Indian toy makers must embrace speed, scale & innovation

Mukesh Jagwani, CEO & Managing Director, WinMagic Toys Pvt Ltd, opines that to build India’s credibility as a quality manufacturing hub for toys would attract foreign investment into the sector & boost domestic production capability. This would encompass a gamut of reforms such as setting up of more SEZs, holistic reforms like relaxed labour laws that encourage the local manufacturers, decentralization of FDI approvals, superior infrastructure and connectivity and focus on technology & quality.

Mukesh Jagwani toys

IBT: What is the current status of the toy industry in India? What are the different types of toys that dominate the domestic toy market?

Mukesh Jagwani: India’s toy market stands at US$ 1.7 billion, which is approximately 1.5% of the global toys market of around US$ 100 billion and is growing at a CAGR of about 14%. As compared to rest of the key toy markets in the world – USA (US$ 27 billion), Canada (US$ 2 billion), UK (US$ 7.6 billion), Germany (US$ 6 billion), France (US$ 3.8 billion), Italy (US$ 2.2 billion), Spain (US$ 2.1 billion), Russia (US$ 2.8 billion), China (US$ 13.4 billion), Japan (US$ 12.2 billion) and Australia (US$ 3.7 billion) – India is the smallest market in terms of size. However, it is growing at the fastest rate and with the largest population of kids. 35% of India’s population is under the age of 14 years. India therefore represents the highest head room for growth as compared to any of the other key and mature markets, and the global toy industry recognises India as a preferred market for their products. China is the other big growth market along with India.

The portfolio of toys in India can be looked at as comprising of three broad type of products:

i) Global best toy brands

These are mainly very high featured and inspirational toys across generic and licensed or entertainment categories for all age-groups and sub-categories of toys & games. The features include sound, light, artificial intelligence, augmented reality, and other electronic and robotic innovative features. These toys are the core brands of the global toy market, but only contribute to about 15%-20% to India’s market size, being imported and high price points, sold at a premium of at least 100% over Indian made simpler and cheaper toys.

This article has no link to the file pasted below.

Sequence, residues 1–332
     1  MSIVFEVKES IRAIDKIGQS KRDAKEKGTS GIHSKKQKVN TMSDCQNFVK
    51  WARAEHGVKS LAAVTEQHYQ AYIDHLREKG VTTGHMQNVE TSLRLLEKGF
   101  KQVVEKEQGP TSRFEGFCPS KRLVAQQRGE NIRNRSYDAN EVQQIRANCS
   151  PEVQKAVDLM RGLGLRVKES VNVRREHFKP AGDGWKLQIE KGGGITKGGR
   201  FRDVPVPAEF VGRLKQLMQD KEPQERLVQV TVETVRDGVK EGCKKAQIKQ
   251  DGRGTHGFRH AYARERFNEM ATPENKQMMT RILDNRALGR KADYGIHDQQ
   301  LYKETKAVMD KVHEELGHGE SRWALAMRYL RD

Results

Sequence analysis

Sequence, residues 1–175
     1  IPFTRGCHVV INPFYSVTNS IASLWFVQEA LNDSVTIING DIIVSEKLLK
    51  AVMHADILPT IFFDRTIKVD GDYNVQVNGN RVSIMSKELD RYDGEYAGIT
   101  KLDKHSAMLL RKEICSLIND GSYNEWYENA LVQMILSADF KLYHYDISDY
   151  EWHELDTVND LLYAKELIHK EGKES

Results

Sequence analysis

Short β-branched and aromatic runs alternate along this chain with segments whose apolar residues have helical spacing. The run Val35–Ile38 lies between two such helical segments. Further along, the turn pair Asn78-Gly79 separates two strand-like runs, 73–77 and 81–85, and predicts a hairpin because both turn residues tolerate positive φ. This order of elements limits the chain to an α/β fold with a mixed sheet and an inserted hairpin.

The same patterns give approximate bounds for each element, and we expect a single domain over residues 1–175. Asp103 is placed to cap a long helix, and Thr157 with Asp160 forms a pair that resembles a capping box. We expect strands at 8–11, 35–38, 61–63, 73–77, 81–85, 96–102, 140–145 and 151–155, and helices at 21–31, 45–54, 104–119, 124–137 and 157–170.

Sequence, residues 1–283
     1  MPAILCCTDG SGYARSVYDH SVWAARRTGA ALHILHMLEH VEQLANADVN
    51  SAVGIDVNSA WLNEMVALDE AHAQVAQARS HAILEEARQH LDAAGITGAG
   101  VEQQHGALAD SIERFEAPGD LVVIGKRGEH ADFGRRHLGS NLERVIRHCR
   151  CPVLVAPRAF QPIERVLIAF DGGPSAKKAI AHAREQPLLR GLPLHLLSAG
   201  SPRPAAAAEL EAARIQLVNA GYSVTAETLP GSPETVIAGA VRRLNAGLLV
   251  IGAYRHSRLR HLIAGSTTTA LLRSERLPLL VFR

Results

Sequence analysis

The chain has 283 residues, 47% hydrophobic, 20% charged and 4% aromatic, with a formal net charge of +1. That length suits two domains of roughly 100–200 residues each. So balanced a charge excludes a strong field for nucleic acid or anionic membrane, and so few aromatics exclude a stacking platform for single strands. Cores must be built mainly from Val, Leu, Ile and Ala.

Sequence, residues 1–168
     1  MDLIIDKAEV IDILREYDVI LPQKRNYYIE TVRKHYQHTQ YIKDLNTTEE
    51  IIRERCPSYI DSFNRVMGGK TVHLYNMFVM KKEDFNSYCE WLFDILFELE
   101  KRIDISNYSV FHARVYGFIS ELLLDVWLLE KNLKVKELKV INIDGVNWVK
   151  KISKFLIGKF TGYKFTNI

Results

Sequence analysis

These are the toys that have satisfied the needs of the aware Indian consumer who wants the very best in class and quality as well as toys & games based on their favourite characters or entertainment properties.

A few examples of these toy brands are Paw Patrol, Peppa Pig, P.J Masks, Fisher-Price, Barbie, L.O.L Surprise! Dolls, Hatchimals, Lego, Hot-Wheels, Monster Jam, Nerf, Transformers, Monopoly, Scrabble, Pictionary, UNO, PlayDoh, Movie/Entertainment Character toys: Disney, Marvel, StarWars, BatMan, Minions, Spider-Man, Iron Man, Pokemon.

These brands are made mostly in China, few in Vietnam and fewer in other markets across the world. They are mainly associated with mature toy designing & brand owning markets like the US, UK, Europe and Australia to name a few. These toys are also the safest in the world and tested on the highest global quality standards.

These toy brands are owned by large and small MNCs and brought into India either by the companies themselves who have a presence in the country through a subsidiary or through authorised distributors and partners like WinMagic, who then work as brand custodians and representatives for such brands. Some of the multi-national companies who are directly present in India include: Mattel, Hasbro and Lego. Other big companies present in India through distributors include Spin Master, Moose Toys, Just Play, Jakks Pacific etc.

ii) Indian made brands

These are simpler and cheaper toys with very simple functionality. Almost all of these are non-electronic (without sound, light, or robotic features). They constitute around 15-20% of the market. All these toys are yet untested as there was no regulation in place for Indian made toys and may be unsafe for use.

iii) Unbranded cheap imports

This category constitutes around 60-70% of the market. These toys are imported mainly from China. They form the bulk of the unorganised wholesale toy market. In a recent survey by government, it may have been mostly the Indian made and cheap Chinese brands, which were found to be unsafe and did not comply to the standard quality parameters under which they were tested.

Many importers of such toys have been known to use unscrupulous means to bring them into India without declaring the full value of the toys. This is done to avoid duty and by falsely declaring such toys as safe or complying with global standards. These are the toys which are sometimes cheaper than the toys produced in the country and are cannibalising the Indian toy industry.

IBT: What are the major sources of import for Indian toys? How can India reduce its dependence on these countries? What should be done to create an enabling ecosystem for toy makers in the country to ramp up production?

Mukesh Jagwani: Annual imports of toys in India are estimated at around US$ 750 million, whereas China exports toys worth US$ 60 billion worldwide, out of which US$ 28 billion is to America alone. China mainly and to some extent Vietnam are the major source countries for import of toys coming into India. The best way to reduce dependence on China is to make a distinction between global best toy brands and the unbranded cheap imports and place tariff and non-tariff curbs on the latter.

Unfortunately, the Government of India’s move of placing curbs on all toy imports as a blanket policy have hit global best toy brands too and the very multinational companies whose products were inspiring Indians, without cannibalising the Indian made toys and who are also the potential collaboration partners for growth & development of Indian toy industry.

Promoting exports from India, world-wide is a big opportunity apart from domestic consumption. Therefore, steps must be taken to invite such global multinational players to manufacture toys with Indian entities and encourage & incentivize Indian firms to set up quality manufacturing facilities like in China.

This needs establishment of global trust in India as a quality manufacturing destination by embracing reforms in the manufacturing sector in India that enable FDI in this sector and support the local manufacturers.